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Advanced Materials

Designing Luminescent Materials

Authors

  • Dr. Michael Bredol,

    1. Philips Research Laboratories Weisshausstrasse, Postfach 1980, W-5100 Aachen (FRG)
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    • Received his Diploma and Doctorate degree in physical chemistry from the University of Münster, West Germany, where he had been working on the solid-state chemitry of III–VI/II–VI semiconductor systems. In 1987, he joined the Philips Research Laboratories in Aachen, West Germany. Since then he has been involved in the field of optical-fiber technology and is now active in a project dealing with luminescent materials for CRTs.

  • Dr. Ulrich Kynast,

    1. Philips Research Laboratories Weisshausstrasse, Postfach 1980, W-5100 Aachen (FRG)
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    • Studied chemistry at the University of Marburg, both his Diploma and Ph. D. theses dealing with the reactions of heterocyclic nitrogen–sulfur- and transition metal compounds. In 1984 and 1985 he subsequently did research on organometallic topics in the USA and Australia as a postdoc. He joined Philips in 1986, where he is currently evaluating the properties of encapsulated luminescence centers.

  • Dr. Cornelis Ronda

    1. Philips Research Laboratories Weisshausstrasse, Postfach 1980, W-5100 Aachen (FRG)
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    • Received his Diploma and Ph. D. degrees in solid-state chemistry from the State University of Groningen, the Netherlands, where he had been studying the electronic properties of layered transition-metal chalcogenides and the optical properties of layered metal halides. He joined the Philips Research Laboratories in Eindhoven, the Netherlands in 1986 and the Philips Research Laboratories in Aachen, Germany in 1989. Since joining Philips, the author has been working in the field of luminescent materials.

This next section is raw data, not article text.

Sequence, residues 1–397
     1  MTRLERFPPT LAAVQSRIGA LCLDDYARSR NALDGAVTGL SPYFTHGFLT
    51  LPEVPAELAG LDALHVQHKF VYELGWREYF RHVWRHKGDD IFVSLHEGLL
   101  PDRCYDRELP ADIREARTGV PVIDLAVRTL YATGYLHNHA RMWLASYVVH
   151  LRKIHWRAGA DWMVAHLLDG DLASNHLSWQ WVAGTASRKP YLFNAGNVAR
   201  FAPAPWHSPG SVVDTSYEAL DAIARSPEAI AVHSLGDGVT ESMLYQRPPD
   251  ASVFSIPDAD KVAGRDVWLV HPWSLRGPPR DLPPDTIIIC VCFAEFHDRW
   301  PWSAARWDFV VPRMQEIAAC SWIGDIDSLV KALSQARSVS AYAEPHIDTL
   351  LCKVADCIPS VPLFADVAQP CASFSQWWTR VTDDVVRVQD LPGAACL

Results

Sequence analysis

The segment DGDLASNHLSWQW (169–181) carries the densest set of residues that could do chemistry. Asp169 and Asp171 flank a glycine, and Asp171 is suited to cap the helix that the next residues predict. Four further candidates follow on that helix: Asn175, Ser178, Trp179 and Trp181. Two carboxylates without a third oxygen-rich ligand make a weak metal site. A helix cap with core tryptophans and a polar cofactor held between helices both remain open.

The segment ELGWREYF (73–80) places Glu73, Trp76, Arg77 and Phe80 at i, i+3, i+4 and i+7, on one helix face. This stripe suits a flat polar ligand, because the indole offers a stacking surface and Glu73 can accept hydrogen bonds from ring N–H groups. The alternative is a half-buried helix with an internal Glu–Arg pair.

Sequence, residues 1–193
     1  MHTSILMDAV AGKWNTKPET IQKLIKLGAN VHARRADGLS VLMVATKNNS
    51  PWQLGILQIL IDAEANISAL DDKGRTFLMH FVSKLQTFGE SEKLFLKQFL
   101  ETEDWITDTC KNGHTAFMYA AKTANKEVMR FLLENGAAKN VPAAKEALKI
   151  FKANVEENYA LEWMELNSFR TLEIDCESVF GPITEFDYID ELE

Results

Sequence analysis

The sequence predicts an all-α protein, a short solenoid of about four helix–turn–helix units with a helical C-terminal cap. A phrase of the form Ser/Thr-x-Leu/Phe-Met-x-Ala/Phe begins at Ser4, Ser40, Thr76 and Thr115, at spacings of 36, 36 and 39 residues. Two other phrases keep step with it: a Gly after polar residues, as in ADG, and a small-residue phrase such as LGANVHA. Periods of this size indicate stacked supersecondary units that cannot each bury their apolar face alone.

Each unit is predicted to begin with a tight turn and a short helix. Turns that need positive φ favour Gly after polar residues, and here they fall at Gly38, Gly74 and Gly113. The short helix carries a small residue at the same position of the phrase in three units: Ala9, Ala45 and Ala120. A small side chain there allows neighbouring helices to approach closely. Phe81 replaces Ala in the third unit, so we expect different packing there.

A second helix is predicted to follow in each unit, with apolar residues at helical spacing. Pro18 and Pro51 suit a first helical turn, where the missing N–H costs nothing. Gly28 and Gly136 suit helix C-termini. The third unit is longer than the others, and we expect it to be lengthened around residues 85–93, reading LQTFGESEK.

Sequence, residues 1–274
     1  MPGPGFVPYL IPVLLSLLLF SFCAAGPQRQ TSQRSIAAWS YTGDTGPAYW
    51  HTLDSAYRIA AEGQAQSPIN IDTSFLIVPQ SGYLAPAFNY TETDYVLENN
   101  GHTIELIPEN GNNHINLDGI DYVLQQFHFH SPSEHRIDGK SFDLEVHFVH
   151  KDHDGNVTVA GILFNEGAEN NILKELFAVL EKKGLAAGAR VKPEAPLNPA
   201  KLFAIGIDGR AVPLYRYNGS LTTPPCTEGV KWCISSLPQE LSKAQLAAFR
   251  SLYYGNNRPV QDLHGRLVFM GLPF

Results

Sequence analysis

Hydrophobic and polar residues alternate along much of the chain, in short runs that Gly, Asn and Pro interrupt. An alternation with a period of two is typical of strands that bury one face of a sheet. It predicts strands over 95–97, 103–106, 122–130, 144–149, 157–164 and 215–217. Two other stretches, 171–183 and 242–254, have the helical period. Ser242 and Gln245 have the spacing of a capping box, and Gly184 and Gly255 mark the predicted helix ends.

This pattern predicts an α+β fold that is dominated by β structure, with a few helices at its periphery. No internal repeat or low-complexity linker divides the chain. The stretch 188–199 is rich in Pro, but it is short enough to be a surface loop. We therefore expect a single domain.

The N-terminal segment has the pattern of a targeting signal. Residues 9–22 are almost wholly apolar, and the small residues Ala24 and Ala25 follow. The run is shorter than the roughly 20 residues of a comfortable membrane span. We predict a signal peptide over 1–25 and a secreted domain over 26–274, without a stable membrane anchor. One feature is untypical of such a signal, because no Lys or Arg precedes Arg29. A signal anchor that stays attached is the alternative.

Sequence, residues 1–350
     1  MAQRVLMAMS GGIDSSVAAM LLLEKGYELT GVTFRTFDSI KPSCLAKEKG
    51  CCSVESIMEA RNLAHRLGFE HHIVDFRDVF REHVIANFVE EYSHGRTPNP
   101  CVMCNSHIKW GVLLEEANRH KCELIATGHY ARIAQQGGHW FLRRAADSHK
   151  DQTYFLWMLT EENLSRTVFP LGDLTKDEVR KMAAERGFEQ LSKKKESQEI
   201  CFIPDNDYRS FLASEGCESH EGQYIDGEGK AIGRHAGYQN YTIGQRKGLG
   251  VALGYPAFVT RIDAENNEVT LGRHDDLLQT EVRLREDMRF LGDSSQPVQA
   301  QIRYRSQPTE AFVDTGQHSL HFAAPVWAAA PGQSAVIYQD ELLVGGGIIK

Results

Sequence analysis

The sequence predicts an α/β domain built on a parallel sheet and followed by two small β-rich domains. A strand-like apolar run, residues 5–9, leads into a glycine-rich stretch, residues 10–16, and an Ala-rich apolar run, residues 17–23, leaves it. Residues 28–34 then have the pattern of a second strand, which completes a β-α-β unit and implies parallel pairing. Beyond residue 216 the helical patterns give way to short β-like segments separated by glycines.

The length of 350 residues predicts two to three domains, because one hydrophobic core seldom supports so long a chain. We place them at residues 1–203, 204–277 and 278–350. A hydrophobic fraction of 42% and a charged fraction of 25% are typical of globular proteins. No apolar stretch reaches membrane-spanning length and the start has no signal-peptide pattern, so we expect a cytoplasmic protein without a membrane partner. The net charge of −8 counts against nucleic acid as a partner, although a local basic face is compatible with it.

Abstract

Review: Non-conventional phosphor host materials such as cryptands (see Figure) or zeolites now offer potential alternatives to the traditional inorganic solid-state materials which find applications in e.g. fluorescent lamps, T.V. sets, or X-ray detectors. Recent efforts to further optimize conventional materials are reviewed and a forward look is taken at the new-generation materials which could further extend the physical limits of luminescence.

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